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A Short Essay on Volcanoes 

  1. A volcano is an opening, in the planet’s surface which allows hot, molten rock, ash and gases to escape from below the surface.
  2. The name, “volcano” originates from the name Vulcan, a god of fire in Roman mythology. Volcanoes are like giant safety valves that release the pressure that builds up inside the Earth. The Hawaii islands were formed by 5 volcanoes. Classified by the extent of their activity volcanoes are of four types. An ‘active’ volcano is one that erupts regularly. There are about 500 known active volcanoes on Earth, not counting those that lie beneath the sea.
  3. A ‘dormant’ volcano is one that has not erupted for many years, although there is still some activity deep inside it. An ‘extinct’ volcano is one which has ceased to be active.
  4. A volcanic eruption occurs when hot rocks and lava burst from a volcano; and geysers and springs are actually just volcanoes that throw boiling water high in the air. They are caused by volcanic heat warming trapped ground water. The liquid rocks inside a volcano are called magma and when it flows out it is called as lava. 

  5. Fresh lava has temperatures from 700 degrees C to 1200’C and glows red-hot to white hot as it flows. The most dangerous volcanic eruption recorded is the eruption of Mount St. Helens in Washington. The tallest volcano in the world is the Ojos del Salado, a volcano in Chile. The world’s largest volcano is the Muano Loa in Hawaii.

  6. Volcanoes are generally concentrated on the edge of continents, along the island chain, or beneath the sea forming long mountain ranges. A major part of the world’s active volcanoes above sea level encircle the Pacific Ocean forming the “Ring of Fire.”
  7. Volcanoes can have serious affects on the lands and people around them when they erupt. The destruction they leave in their wake accounts for the total annihilation of the surrounding landscape. Around 2, 00,000 people have lost their lives to volcanic eruptions in the past five hundred years.
  8. Buildings are destroyed, people are rendered homeless, people are killed, plant and animal life are both destroyed and the poisonous gases that emanate from the volcanoes can cause death and diseases like pneumonia in the people who survive it.
  9. However not everything associated with the volcanoes is negative. The crust of the earth exists due to?the large volumes of magma that did not erupt but instead cooled below the surface. It results in rich soil which is good for cultivation.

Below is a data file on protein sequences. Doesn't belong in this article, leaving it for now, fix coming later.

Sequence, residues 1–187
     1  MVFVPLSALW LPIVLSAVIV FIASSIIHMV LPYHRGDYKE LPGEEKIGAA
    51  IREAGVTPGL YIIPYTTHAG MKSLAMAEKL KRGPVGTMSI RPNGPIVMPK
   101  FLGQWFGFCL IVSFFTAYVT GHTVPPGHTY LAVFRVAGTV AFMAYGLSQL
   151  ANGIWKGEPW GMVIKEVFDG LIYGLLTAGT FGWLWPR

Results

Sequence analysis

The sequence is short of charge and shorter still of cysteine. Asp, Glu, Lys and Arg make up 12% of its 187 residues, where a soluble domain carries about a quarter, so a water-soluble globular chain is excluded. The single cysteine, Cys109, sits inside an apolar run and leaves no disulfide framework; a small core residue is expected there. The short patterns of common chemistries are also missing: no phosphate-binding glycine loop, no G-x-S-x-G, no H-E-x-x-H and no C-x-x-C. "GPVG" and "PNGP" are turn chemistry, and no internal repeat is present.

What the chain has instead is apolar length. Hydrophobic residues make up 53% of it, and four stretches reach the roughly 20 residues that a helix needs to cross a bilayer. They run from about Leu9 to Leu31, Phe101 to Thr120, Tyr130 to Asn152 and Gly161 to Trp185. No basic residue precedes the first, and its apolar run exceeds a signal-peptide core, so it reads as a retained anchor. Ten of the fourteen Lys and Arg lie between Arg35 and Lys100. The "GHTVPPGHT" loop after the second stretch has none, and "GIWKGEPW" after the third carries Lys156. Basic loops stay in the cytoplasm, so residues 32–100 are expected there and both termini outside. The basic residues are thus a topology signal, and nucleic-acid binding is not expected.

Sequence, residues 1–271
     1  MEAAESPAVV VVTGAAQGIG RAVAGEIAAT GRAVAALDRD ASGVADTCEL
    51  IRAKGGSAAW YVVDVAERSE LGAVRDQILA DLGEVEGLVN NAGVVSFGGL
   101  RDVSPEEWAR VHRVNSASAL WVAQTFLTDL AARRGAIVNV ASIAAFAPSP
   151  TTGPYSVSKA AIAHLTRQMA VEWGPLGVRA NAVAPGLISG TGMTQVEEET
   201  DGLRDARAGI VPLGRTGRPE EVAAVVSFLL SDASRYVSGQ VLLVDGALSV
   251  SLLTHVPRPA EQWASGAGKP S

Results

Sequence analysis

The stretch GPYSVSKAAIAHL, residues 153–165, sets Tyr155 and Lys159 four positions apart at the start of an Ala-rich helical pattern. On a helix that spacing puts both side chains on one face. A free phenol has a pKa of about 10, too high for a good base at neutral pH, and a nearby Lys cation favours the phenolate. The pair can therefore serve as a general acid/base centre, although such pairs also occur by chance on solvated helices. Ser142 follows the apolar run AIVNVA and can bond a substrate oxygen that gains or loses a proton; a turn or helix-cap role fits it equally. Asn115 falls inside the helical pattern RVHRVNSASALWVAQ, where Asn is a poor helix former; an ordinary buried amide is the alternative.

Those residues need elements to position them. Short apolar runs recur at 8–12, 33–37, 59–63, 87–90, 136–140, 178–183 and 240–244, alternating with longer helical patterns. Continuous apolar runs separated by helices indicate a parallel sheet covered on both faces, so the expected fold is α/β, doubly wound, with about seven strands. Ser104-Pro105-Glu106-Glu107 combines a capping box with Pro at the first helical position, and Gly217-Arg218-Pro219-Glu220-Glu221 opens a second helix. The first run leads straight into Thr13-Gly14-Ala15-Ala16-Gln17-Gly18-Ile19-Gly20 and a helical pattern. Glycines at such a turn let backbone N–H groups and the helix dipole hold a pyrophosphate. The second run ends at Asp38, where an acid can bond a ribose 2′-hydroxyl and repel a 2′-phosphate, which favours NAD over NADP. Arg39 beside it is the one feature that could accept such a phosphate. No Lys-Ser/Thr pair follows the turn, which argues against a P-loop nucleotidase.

10. The volcanic ash that blows out of the volcano increases soil fertility by adding nutrients to the soil. Ground water heated by magma can be tapped for geothermal energy. Most of the metallic minerals like copper, gold, silver, lead and zinc are mined from the magmas found deep within the roots of extinct volcanoes.
  11. With the increasing studies done by scientists on volcanoes it is becoming possible to gauge the activity level of a volcano. With this information although it might not be possible to prevent the erupting of a volcano at least the massive destruction of lives can be avoided by getting people evacuated in time.

Monitoring Volcanic Gases

  1.  Scientists have long recognized that gases dissolved in magma provide the driving force of volcanic eruptions, but only recently have new techniques permitted routine measurement of different types of volcanic gases released into the atmosphere. Sulfurous volcanic gas and visible steam are usually the first things people notice when they visit an active volcano, for example Mount St. Helens pictured here. A number of other gases also escape sight unseen into the atmosphere through hot fumaroles, active vents, and porous ground surfaces. The gases escape as magma rises toward the surface, when it erupts, and even as it cools and crystallizes below ground.
  2. A primary objective in gas monitoring is to determine changes in the release of certain gases from a volcano, chiefly carbon dioxide and sulfur dioxide. Such changes can be used with other monitoring information to provide eruption warnings and to improve our understanding of how volcanoes work. In recent years, we have directed increased attention toward volcanic gas emissions because of the newly appreciated hazards they sometimes pose and their effects on the Earth's atmosphere and climate.
  3. Gases released by most volcanoes are difficult to sample and measure on a regular basis, especially when a volcano becomes restless. Direct sampling of gas requires that scientists visit a hot fumarole or an active vent, usually high on a volcano's flank or within its summit crater. At some volcanoes, gases discharge directly into crater lakes. The remote location of these sampling sites, intense and often hazardous fumes, frequent bad weather, and the potential for sudden eruptions can make regular gas sampling sometimes impossible and dangerous.
  4. Measuring gases remotely is possible but requires ideal weather and the availability of suitable aircraft or a network of roads around a volcano. Consistent and favorable wind conditions are needed to carry gases from vents and fissures to where they can be measured. In some cases, automated on-site gas monitoring is feasible. Under corrosive conditions, only a few sensors are available, however, for continuously recording the concentrations of specific gases.
  5. Scientists face yet another challenge--acid gases, like SO2, easily dissolve in water. Thus, volcanoes with abundant surface or subsurface water can prevent scientists from measuring the emission of acid gases as magma rises toward the surface and even after explosive eruptions. Because CO2 is is less likely to be masked by the presence of water, measuring it when a volcano first becomes restless and between eruptions may be important for determining whether significant magma degassing is occurring.